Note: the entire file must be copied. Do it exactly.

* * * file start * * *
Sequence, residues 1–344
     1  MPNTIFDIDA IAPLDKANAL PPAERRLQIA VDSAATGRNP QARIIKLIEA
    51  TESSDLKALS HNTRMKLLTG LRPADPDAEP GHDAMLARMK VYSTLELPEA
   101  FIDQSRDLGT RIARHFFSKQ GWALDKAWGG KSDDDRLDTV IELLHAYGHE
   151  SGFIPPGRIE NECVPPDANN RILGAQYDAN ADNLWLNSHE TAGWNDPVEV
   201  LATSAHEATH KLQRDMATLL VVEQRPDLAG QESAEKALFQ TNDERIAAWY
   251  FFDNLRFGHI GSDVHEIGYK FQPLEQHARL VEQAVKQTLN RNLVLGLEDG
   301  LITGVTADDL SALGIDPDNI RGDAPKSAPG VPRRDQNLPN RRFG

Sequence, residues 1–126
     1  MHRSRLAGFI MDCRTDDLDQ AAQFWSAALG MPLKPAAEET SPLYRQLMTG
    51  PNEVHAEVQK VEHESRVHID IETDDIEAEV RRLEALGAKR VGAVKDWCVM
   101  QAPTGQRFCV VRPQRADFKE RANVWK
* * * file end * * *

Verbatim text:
Sequence, residues 1–344
     1  MPNTIFDIDA IAPLDKANAL PPAERRLQIA VDSAATGRNP QARIIKLIEA
    51  TESSDLKALS HNTRMKLLTG LRPADPDAEP GHDAMLARMK VYSTLELPEA
   101  FIDQSRDLGT RIARHFFSKQ GWALDKAWGG KSDDDRLDTV IELLHAYGHE
   151  SGFIPPGRIE NECVPPDANN RILGAQYDAN ADNLWLNSHE TAGWNDPVEV
   201  LATSAHEATH KLQRDMATLL VVEQRPDLAG QESAEKALFQ TNDERIAAWY
   251  FFDNLRFGHI GSDVHEIGYK FQPLEQHARL VEQAVKQTLN RNLVLGLEDG
   301  LITGVTADDL SALGIDPDNI RGDAPKSAPG VPRRDQNLPN RRFG

Sequence, residues 1–126
     1  MHRSRLAGFI MDCRTDDLDQ AAQFWSAALG MPLKPAAEET SPLYRQLMTG
    51  PNEVHAEVQK VEHESRVHID IETDDIEAEV RRLEALGAKR VGAVKDWCVM
   101  QAPTGQRFCV VRPQRADFKE RANVWK